stickers, but the tally at the end of the day was that Trump signs had outnumbered Biden signs by a 10 to 1 margin in the towns and along the roads. Our car finally pulled into Roanoke, our destination and the home to my alma mater, much later than expected. Hitting the pillow never felt so good.
* * * * *
I woke up in a town where I’d woken up in for four years of my life. Mom and I were planning a leisurely paced trip, so we had budgeted the whole day here to revisit old haunts in and around Roanoke College. The first stop was Mac and Bob’s, the local hangout, for a late brunch/lunch. Stepping through the door, I was hit by a thousand memories. Mostly of my friends and I entering for another Friday night’s entertainment and then stumbling back out after midnight being careful not to trip on that final oddly placed step.
We were served by a kind lady with a thick southern accent who was wearing a plastic face shield. Not everything was as I remembered it. I displayed the knowledge of a local by ordering the Chicken
Philly, a favorite of both our waitress and Roanoke College students of any era. As I drank my morning coffee I looked out the window and noticed the bland new courthouse building. I never noticed it before, but it made sense that it was there. Next to the prison and the grand old courthouse which had been converted into a college building for the history department. If I glimpsed hard enough, I thought I might still see my old professors sitting outside smoking cigars between classes.
Mom and I walked slowly toward campus, passing the old civil war statue celebrating the local boys who had gone off to fight for the Confederacy back in the 1860s. I remember being really taken with it as a freshman a million years ago. It felt so exotic and back then really made me feel like I was in the South. I was finally somewhere new and different! Now I contrasted that to the present where monuments like this had gotten all mixed up in the culture wars. Same place, different times.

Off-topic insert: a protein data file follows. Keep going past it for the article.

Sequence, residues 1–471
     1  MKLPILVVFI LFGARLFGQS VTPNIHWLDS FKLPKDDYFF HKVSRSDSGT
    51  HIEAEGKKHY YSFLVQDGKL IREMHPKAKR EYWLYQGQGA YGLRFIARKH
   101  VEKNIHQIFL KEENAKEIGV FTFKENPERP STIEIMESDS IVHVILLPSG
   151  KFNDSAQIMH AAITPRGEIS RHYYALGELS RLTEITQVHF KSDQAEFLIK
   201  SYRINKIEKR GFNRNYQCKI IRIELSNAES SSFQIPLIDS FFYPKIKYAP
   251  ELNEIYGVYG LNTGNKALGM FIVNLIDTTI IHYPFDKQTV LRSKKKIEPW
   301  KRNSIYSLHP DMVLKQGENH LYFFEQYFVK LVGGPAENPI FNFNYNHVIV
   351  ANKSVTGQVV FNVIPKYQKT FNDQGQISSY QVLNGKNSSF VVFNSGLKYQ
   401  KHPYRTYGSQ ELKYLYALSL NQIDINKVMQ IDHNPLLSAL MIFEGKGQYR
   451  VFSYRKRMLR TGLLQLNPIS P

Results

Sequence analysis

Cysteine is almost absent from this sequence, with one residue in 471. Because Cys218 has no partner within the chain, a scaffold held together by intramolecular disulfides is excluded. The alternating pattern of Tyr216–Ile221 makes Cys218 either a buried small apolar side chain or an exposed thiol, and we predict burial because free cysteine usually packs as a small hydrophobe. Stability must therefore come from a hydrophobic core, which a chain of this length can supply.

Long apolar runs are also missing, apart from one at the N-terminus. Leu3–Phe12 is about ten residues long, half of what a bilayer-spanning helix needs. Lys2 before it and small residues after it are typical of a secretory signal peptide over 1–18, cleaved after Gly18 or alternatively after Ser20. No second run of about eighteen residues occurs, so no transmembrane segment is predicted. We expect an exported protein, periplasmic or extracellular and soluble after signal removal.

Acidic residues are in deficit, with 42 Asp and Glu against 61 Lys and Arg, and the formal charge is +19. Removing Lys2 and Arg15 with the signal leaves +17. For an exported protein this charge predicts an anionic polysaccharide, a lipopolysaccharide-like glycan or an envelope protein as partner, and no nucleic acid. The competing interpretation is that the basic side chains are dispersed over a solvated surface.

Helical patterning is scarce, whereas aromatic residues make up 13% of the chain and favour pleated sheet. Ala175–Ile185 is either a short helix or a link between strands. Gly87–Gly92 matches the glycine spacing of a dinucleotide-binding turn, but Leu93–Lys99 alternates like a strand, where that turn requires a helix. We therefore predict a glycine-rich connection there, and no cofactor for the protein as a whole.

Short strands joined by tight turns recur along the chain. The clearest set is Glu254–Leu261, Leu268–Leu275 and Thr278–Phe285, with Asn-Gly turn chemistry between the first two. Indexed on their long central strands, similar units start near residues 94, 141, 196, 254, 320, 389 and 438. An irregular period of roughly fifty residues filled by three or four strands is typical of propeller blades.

Once on the campus proper I was able to look around at the ever gorgeous campus. Red brick paths cutting
through lush green lawns. Stately old buildings with the Appalachian Mountains looming closely in the background behind the clouds. Even though it was Columbus Day, there were still a few students wandering about. Some with masks, some without. It was all very relaxed. Some friendly students even passed by us and said hello. I laughed internally, thinking how much less suspicious I looked walking around with my kindly 80 year-old mom, rather than wandering around by myself as a large strange male. When I mentioned this to Mom, she said that little did they know that she was actually the one that they should worry about.
We passed my freshman year dorm. I spotted my old room on the corner. I remembered all those days hanging out there. Flash forward and here I was 25 years older. Time was colliding and I felt like I could reach out and touch those former times. We moved on to explore the newer section of campus with its recently built dormitories and athletic fields. Leaving the old behind for the new.
One building I really wanted to explore was the new athletic center and its basketball arena. I was unsure if
we would be able to go inside due to the college’s coronavirus protocols. I was content to just look at it from the outside, but Mom convinced me to at least give it a try. I’m glad she did because the doors were unlocked and no one inside to question us. The new basketball court was a marvel with a huge picture window at one end looking out towards the nearby green hills. Mom sat in the stands as I walked around and read the Hall of Fame plaques. Faces and names of a bygone era came flooding back. Down below a few members of the current team got some shots up. I thought back to the hours and hours I played on a court in this very location, now demolished and lost to time.
We finished the visit on a bench outside the college library. When a student walked by and saw us sitting there happily without our masks, she decided to take hers of as well. Behavior is indeed contagious. A nearby marker quoted Martin Luther. “This life is not righteousness, but growth in righteousness; not health, but healing, not being, but becoming. We are not yet
what we shall be, but we are on the way.” The lifelong education and evolution of Tommy No Papers was still unfolding. Just be patient. I’m a work in progress. Note: This is the first entry of many that will detail the two American road trips I took last year. The thoughts come out of the notes I took along the way.